Find more information on XNAT.org.

XNAT is an open-source imaging informatics platform. In XNAT, data is organized into projects, in which the authorized persons can view, quality control and annotate image data. Depending on the setup, XNAT can be used in multi-center and mutli-group collaborations to share data. Data can be accessed via many different application programming interfaces (APIs) so that processing and analysis can be performed.

Since the underlying code is open-source, a large community of contributors exists. For example, researchers at the University of Torino (and members of the Euro-BioImaging ERIC) have developed an extension of XNAT intended for use in preclinical imaging centers, termed XNAT-PIC (Zullino et al., 2022) – also presented in a talk at Euro-BioImaging‘s Virtual Pub in 2021.

The XNAT software is a versatile tool that can be installed as stand-alone application on researchers computers or be set up as a central or multi-center instance for collaborative research. XNAT is often used in medical and pre-clinical imaging areas, but suitable for microscopy data, too.

XNAT Central and Open Access Series of Imaging Studies are examples of respositories based on XNAT to publicly share imaging data.

CATMAID (Collaborative Annotation Toolkit for Massive Amounts of Image Data)

Storage, visualisation, rendering, sharing, metadata, neurobiology

The Collaborative Annotation Toolkit for Massive Amounts of Image Data was developed by Saalfeld et al. (2009) and serves collaboratively work on large image data sets. A feature of CATMAID is that it allows to load data from other internet accessible storage locations without duplicating the data. It has been used frequently in neurobiology research projects, for example to identify large maps of neuron connectomes from large EM datasets of different animals and developmental stages.

Find more information on the CATMAID website.

CATMAID can be installed as a central instance or used by invidual labs.

There are also public image resources based on CATMAID, for example VirtualFlyBrain.org.


Storage, visualisation, rendering, sharing, metadata, histology, pathology

This software was developed starting in 2010 at the University of Liege as a platform for histopathology image analysis. The open-source project available under https://cytomine.org is accessible publicly (not to be confused with cytomine.com, which is a for-profit corporation selling services on top of the software). Since the primary purpose for which cytomine was developed is histology, the software is mostly known for this type of data. However, the functionality of Cytomine extends well beyond the needs of histology, and can be used for bioimaging data management in general (or other images from a broad range of research disciplines – also beyond the life science domains).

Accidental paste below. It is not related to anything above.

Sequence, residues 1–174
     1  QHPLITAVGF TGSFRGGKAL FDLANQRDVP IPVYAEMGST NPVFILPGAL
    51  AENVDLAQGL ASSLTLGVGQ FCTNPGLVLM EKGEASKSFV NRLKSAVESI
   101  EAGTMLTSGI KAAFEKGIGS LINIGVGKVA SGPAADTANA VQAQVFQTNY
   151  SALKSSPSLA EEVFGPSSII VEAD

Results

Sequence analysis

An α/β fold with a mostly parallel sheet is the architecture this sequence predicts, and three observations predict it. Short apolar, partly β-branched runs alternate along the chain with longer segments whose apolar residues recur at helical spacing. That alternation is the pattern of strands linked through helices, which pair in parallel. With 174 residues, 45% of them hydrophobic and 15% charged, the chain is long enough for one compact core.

The software consists of mainly four components:

  • Cytomine-Core is a web and database software that manages projects, image annotations and metadata annotations.
  • Cytomine Image Management System is the backend server software allowing to perfom image operations (e.g., to load and work on images stored in the underlying file system)
  • Cytomine Web User Interface is the application allowing users to interact with their data over a web browser
  • Cytomine DataMining adds image analysis modules to the platform

An introduction to Cytomine including its current and upcoming features was given by Raphael Marée in a Euro BioImaging Virtual Pub in July 2022.

A focus of Cytomine has become to enable the integration of images from multiple imaging modalities (e.g., correlated light and electron microscopy) and to incorporate them together in image analysis workflows. Cytomine can be installed as a central service at the institution or can be run by single users on their desktop PC or laptop. The Cytomine developers are creating a web platform for access to data through the internet so that image annotations and running image analysis algorithms on the images can be done from remote locations, and by many collaboration partners. Natively, the software supports many 2D file formats and pyramid resolutions that are frequently used in histology. Via the Bio-Format and other libraries, additional file formats can be loaded via pre-conversion steps.

For detailed information about Cytomine, read the original publications (Marée, 2016, Bioinformatics; Rubens, 2019, Proteomics Clin Appl). Some parts of Cytomine have been redesigned in recent years.